Social psychologists have documented an intriguing phenomenon dubbed “outgroup homogeneity”. It is the tendency to assume that groups to which you do not belong are less diverse than they are (in contrast, we overestimate diversity within groups of which we are a part). I have described before how this cognitive error produced complete misunderstandings of the relationship between China and Viet Nam during the 1960s (because after all, every Asian Communist is the same) and is producing similarly off-track predictions that Iran and Iraq will now be unshakeable allies (because after all, every Shi’a Muslim is the same).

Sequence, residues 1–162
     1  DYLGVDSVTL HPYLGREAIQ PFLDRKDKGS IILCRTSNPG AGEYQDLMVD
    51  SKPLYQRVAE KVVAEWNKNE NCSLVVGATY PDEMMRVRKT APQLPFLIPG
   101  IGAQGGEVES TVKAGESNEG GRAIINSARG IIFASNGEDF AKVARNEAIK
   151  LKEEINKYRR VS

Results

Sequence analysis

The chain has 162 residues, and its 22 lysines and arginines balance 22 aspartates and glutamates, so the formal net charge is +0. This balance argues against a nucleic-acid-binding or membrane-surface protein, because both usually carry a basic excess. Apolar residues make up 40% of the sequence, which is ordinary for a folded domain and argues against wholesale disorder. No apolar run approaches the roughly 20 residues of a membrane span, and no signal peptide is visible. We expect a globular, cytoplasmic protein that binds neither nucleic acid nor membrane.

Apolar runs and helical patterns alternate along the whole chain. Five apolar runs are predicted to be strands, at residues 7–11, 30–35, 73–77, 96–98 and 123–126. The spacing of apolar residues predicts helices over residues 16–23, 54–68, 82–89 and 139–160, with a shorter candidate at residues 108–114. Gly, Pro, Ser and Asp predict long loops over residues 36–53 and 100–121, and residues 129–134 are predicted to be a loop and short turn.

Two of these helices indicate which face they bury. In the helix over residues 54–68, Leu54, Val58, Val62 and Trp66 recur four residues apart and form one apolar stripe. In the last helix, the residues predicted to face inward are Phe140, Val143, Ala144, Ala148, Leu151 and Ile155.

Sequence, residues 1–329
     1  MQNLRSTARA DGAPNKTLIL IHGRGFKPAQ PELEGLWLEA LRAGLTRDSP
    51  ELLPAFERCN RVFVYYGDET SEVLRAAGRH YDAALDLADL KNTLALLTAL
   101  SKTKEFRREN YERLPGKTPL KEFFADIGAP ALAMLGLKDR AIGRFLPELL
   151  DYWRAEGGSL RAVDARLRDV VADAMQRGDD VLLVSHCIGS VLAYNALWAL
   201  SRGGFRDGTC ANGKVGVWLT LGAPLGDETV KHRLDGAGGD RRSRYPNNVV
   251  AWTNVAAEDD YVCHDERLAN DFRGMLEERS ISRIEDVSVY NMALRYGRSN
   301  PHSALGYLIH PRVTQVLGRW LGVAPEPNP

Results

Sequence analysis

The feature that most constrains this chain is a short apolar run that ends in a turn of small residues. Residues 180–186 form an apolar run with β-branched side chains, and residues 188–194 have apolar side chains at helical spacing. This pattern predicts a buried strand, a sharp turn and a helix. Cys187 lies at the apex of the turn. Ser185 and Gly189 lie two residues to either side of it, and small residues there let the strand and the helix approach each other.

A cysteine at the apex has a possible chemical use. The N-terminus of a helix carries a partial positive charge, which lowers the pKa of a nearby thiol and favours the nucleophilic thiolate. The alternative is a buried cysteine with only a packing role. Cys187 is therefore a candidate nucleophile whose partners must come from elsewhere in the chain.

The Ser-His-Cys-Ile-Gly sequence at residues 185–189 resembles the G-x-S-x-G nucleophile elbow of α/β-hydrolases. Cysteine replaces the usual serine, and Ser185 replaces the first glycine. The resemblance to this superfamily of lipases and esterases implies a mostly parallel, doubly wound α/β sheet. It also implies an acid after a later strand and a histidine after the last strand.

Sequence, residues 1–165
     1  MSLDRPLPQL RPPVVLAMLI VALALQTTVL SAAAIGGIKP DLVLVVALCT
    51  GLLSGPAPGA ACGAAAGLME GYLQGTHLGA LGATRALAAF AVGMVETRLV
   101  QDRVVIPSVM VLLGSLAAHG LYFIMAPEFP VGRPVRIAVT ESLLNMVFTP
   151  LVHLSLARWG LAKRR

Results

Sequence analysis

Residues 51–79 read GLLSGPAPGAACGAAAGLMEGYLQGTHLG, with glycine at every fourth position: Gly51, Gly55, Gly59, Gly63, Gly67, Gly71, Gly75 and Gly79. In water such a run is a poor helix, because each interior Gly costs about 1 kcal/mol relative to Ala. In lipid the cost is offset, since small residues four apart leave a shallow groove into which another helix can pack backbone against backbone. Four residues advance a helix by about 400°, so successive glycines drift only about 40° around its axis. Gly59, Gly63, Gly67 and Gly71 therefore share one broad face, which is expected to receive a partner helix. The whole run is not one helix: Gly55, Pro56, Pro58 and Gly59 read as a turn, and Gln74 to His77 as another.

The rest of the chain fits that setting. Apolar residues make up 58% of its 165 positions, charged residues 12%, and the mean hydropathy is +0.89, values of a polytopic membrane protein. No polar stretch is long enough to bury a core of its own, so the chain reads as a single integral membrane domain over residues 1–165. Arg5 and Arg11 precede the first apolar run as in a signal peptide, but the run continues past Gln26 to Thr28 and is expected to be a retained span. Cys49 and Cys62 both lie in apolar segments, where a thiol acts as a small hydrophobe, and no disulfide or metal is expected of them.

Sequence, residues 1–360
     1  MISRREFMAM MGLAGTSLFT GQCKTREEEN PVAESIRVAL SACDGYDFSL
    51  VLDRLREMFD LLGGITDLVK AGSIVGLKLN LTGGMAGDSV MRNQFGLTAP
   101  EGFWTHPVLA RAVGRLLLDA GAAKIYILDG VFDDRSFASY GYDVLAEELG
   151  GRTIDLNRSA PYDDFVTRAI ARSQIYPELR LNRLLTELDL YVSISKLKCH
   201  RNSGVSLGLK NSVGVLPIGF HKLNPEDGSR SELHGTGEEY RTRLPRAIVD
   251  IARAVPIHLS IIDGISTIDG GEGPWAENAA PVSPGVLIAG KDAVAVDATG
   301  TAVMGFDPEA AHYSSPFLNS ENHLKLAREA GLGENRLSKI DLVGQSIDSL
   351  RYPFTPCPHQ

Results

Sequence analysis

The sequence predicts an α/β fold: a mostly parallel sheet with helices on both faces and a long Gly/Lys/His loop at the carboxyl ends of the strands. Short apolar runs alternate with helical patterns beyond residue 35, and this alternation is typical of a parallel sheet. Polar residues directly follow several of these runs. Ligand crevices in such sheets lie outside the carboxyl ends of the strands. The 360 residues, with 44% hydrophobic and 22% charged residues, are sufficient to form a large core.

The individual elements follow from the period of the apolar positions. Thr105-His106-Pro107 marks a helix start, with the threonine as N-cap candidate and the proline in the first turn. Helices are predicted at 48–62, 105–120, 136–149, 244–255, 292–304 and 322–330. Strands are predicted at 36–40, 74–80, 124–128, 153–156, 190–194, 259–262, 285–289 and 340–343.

Stephen Taylor has a terrific essay today documenting how this same phenomenon is in evidence in Mitt Romney’s equation of Iran with, wait for it…Turkey. Yes, Turks are not Persians and the two empires fought for centuries and Turkey is in NATO and Turkey is overwhelmingly Sunni Muslim and Iran is overwhelmingly Shi’a Muslim and Iran has drawn up plans to attack Turkey but hey that’s not the point. In Romneyworld, they are both Islamic-ish places in an Islamic-ish part of the world, so they must be virtual twins and can be treated as such in U.S. foreign policy.